11. TRAVELING MERCIES, by Anne Lamott, Pantheon Books, $23 Without a doubt, this book is a '90s autobiography, branded by self-absorbtion. But Lamott's relentless self-analysis yields an interesting portrait of today's seeker. Lamott loses her father, goes through two married lovers, and is hardly ever sober. She struggles with her faith through it all, but clings to a belief in God. On the road to recovery, she arrives at some pure truths. She becomes someone she can accept, yet one senses change comes more through suffering than grace. (Full review, Feb. 11) (275 pp.) By Trudy Palmer

12. FIRST PERSON PLURAL, by Cameron West, Hyperion, $23.95 West was a father, husband, and successful businessman in his 30s when he started hearing voices. He learns through the help of a psychologist that he has 24 separate personalities, created as a way for him to cope with childhood sexual abuse by his grandmother and mother. The story is a disturbing yet moving account of a family learning to cope with West's mental breakdown. Readers may find the graphic nature and emphasis on treatment a bit heavy. (319 pp.) By Stephanie Cook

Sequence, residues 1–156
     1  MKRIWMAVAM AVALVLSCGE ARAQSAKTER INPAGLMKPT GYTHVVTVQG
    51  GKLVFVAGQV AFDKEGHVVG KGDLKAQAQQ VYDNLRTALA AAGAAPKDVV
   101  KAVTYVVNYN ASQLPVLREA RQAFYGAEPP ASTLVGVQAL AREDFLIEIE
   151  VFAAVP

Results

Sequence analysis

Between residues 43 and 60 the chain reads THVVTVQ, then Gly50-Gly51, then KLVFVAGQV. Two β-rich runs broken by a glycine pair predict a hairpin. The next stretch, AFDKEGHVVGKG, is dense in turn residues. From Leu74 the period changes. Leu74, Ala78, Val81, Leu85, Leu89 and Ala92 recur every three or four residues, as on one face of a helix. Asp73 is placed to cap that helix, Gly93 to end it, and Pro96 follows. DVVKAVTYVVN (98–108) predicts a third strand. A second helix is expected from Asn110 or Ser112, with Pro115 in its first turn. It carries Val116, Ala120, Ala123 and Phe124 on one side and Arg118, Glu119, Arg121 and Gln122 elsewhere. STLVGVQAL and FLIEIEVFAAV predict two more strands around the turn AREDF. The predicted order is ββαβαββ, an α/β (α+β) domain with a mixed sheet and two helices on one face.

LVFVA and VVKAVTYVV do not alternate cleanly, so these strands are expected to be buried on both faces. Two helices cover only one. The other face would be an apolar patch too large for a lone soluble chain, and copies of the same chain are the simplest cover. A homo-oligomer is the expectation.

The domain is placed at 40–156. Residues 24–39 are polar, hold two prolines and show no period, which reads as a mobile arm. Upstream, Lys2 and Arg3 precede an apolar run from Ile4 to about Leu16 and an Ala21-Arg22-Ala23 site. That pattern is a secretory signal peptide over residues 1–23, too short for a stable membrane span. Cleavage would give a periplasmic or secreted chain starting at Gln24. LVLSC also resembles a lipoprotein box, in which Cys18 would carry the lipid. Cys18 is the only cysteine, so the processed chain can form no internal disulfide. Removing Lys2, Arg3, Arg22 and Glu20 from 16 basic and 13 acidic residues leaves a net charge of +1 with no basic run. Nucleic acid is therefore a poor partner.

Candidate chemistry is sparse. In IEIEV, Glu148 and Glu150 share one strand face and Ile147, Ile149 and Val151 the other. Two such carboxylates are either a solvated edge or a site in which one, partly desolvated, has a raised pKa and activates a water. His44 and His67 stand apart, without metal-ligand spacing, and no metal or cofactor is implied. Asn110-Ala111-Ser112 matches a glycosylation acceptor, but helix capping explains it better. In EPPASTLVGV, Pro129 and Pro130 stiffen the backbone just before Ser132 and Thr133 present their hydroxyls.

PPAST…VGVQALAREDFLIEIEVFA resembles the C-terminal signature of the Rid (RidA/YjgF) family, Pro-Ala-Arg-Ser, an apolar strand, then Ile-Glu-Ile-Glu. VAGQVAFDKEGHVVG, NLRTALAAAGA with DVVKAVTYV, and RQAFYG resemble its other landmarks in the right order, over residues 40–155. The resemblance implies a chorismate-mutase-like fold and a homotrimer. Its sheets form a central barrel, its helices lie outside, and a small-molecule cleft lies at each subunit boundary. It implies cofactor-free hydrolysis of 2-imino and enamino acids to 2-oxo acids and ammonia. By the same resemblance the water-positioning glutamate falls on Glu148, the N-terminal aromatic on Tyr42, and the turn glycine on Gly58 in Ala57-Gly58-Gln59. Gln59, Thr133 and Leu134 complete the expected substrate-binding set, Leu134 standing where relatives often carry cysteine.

13. ONE DAY MY SOUL JUST OPENED UP, by Iyanla Vanzant, Fireside, $13 Vanzant admonishes us in the opening pages to "remain open. There is something bigger than you know going on here." And that's her underlying point throughout - let go and let God work in your life. She's structured her ideas into a 40-day spiritual regeneration plan, with a daily principle to mull over, starting with "truth" and ending with "unconditional love." But many of the principles in between veer away from the spiritual toward simple suggestions on changing your outlook. (316 pp.) By Kristina Lanier

14. SUGAR BUSTERS! by H. Leighton Steward, et al., Ballantine, $22 Three MDs and one CEO cooked up this latest opinion on the best way to trim your waistline. Complete with graphs and low-sugar recipes, this book focuses on insulin levels in the bloodstream. If you aren't afraid of food now, you will be after reading "Sugar Busters!" Keep your reading on a low-blab diet and avoid this book. (270 pp.) By Kendra Nordin

15. PLAYING FOR KEEPS, by David Halberstam, Random House, $22.95 "Jordanologists," your dream has come true. This comprehensive book traces Michael Jordan from his youth through his glorious and tumultuous NBA career. Sprinkled with anecdotes, the story shows how he changed from an ebullient youngster to a freedom-depraved pop-culture icon. For the devoted follower, this is at times a redundant rehash of his career, and Halberstam's relentless cheerleading is sometimes annoying. But overall, it's an intriguing look at the man who revolutionized the NBA. (352 pp.) By Lane Hartill